Years: 2014 | 2013 | 2012 | 2011 | 2010 |
Back

Munroe officials say Scott's Medicaid cuts would be disastrous for hospital

Ocala, FL - January 30, 2012
Published in the Ocala Star-Banner on Monday, January 30, 2012 at 8:24 p.m.


Munroe Regional Medical Center officials are warning that Medicaid cuts proposed by Gov. Rick Scott would rock the hospital for a loss from which it could not recover.

Steve Purves, the not-for-profit hospital's president and chief executive officer, said Scott's proposed $18 million cut would leave the hospital unable to provide services similar to what it now offers patients.

“You might as well reach in your pocket and hand over the keys,” Purves said of the proposal.

Scott plans to make $2 billion in Medicaid cuts in the 2012/2013 budget. Its financial impact on local hospitals was based on estimates from Florida's Agency for Health Care Administration and the Florida Hospital Association.

Some of Scott's proposed cuts could do away with Munroe's enhanced Medicaid reimbursement payments that it receives because of its high number of Medicaid and indigent patients. Currently, the hospital gets Medicaid reimbursements nearly twice the regular rate to reflect its patient makeup.

Scott's plan lumps together hospitals into categories, based on the kinds of services they provide, and pays them all the same Medicaid rate. Critics say the problem is that the “rate banding” doesn't take into account community or hospital characteristics, such as poverty levels and indigent care.

“We can't imagine cuts of that magnitude,” Purves told his hospital's executive board last week.

Scott's cuts would be large enough to erase the 400-bed hospital's surplus revenue. Last year's preliminary revenues over expenses (the hospital does not count these as profits) were $3.7 million. That money was used to buy equipment and repair and improve the facility.

Meanwhile, the Florida House is considering a 7 percent across-the-board cut in Medicaid as an alternative to Scott's proposal. The House version would mean a $3.1 million loss for Munroe.

Medicaid recipients made up 38 percent of Munroe Regional's emergency room business, according to hospital records. The average for Florida for-profit hospitals was 29 percent last year, according to the Florida Hospital Association.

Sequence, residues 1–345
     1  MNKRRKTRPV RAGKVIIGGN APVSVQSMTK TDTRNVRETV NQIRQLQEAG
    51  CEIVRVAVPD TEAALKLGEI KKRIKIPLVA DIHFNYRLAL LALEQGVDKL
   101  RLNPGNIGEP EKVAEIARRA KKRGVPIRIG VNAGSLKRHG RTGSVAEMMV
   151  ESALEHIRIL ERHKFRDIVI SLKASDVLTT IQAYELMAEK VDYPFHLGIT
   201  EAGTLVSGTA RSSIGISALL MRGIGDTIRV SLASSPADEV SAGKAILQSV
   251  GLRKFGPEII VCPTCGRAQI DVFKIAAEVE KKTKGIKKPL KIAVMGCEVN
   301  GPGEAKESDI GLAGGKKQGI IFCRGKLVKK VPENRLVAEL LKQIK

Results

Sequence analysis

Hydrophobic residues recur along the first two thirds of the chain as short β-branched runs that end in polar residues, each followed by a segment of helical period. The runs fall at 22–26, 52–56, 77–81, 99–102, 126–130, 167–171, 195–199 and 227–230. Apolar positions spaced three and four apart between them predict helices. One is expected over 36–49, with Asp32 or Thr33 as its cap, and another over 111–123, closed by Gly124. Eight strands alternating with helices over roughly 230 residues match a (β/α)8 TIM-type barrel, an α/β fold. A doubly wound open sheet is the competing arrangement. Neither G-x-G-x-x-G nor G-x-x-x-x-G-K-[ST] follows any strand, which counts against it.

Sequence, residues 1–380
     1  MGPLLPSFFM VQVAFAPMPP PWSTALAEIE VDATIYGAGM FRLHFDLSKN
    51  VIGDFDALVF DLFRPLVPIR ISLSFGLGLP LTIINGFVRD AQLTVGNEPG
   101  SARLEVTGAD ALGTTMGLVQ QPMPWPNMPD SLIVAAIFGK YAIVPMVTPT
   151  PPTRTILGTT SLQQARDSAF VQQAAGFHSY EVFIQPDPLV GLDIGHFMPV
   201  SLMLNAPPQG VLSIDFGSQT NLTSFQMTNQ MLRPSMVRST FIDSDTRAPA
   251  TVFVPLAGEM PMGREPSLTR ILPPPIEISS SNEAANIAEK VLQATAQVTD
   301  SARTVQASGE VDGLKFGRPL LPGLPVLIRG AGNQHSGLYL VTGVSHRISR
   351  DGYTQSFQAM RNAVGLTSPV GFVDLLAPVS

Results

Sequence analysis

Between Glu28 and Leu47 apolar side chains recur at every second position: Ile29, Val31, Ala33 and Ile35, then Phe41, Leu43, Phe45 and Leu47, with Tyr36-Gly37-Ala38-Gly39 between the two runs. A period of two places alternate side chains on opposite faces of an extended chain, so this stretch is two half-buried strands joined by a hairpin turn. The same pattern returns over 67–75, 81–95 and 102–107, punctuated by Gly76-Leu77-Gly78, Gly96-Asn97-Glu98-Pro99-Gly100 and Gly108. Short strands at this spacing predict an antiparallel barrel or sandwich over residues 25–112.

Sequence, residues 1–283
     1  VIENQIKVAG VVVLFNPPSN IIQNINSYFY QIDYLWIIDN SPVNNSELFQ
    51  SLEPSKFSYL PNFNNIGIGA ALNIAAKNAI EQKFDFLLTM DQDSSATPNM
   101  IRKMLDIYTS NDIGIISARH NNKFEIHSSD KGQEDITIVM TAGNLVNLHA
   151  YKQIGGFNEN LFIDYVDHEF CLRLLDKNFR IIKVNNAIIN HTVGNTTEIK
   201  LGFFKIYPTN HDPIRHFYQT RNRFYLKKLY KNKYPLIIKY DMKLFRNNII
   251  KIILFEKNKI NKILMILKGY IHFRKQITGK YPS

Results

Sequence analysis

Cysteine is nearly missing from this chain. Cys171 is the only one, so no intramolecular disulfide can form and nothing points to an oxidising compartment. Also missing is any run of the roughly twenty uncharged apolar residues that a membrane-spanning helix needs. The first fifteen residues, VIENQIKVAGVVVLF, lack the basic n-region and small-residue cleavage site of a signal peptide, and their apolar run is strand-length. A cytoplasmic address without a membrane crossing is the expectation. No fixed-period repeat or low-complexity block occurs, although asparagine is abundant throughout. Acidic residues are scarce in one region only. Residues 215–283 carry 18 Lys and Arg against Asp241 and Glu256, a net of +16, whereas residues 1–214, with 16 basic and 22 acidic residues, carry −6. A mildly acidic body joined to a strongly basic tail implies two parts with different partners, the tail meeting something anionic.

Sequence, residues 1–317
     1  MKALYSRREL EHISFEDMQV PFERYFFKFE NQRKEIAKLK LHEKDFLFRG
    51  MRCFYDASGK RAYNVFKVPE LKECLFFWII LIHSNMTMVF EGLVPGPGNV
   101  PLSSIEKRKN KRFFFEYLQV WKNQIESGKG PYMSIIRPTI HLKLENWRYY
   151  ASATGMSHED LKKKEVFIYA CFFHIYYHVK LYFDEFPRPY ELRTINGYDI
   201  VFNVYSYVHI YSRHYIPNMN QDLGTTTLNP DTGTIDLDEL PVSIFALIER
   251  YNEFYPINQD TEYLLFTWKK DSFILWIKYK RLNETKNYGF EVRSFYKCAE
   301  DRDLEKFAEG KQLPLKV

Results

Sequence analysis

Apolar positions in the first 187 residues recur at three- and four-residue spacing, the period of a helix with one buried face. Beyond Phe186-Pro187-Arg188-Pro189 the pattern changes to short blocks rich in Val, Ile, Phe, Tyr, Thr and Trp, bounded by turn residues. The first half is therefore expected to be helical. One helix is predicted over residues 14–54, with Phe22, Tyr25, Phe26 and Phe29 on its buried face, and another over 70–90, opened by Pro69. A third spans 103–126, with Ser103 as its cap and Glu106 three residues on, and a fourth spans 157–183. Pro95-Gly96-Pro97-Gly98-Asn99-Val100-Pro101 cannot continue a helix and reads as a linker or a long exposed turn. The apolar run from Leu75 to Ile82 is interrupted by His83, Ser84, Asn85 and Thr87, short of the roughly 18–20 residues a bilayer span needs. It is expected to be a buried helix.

Sixty-eight percent of Munroe's obstetrics (baby delivery) patients are Medicaid patients.

And while Munroe's patient charges are among the lowest in Florida, Purves said raising rates would not help the hospital's bottom line because so many of his patients are already Medicaid recipients or on insurance plans with negotiated, locked-in prices.

He said that for every $1 he raises prices, his hospital would only see about a 5 cent revenue hike.

The proposed cuts follow some of the deepest from last year's legislative session, when lawmakers cut Medicaid reimbursement 12.5 percent, costing Munroe nearly $5 million.

Ocala Regional Medical Center could also get hit hard by one of the proposals.

Under Scott's plan, Ocala Regional would see only a $122,827 Medicaid cut this year. Under the House plan, its Medicaid reimbursement would be cut about $1 million.

Medicaid reimbursement covers less than 50 percent of the actual cost of a service at the hospital, said the medical facility's Chief Financial Officer Randy McVay.

McVay said that although he wasn't considering any cuts now to services to reflect the House's plan, “at what point do cuts and reimbursements stop?”

Bruce Rueben, president and chief executive officer of the Florida Hospital Association, said hospitals are still reeling from last year's $500 million in Medicaid cuts.

And since 80 percent of Medicaid recipients are either children or elderly, those are the people most hurt by the cuts. About 3.3 million Floridians receive Medicaid assistance, about 300,000 more than three years ago.

Instead of cutting Medicaid, the state should focus money on chronic care management, which would help to keep patients out of emergency rooms or back in hospital beds, Rueben said.

As for the proposed Medicaid cuts, Rueben said the cost will be made up elsewhere, most likely cuts in services, increase costs to private insurance providers and reductions in hospital upgrades which all patients would have benefited from.


Back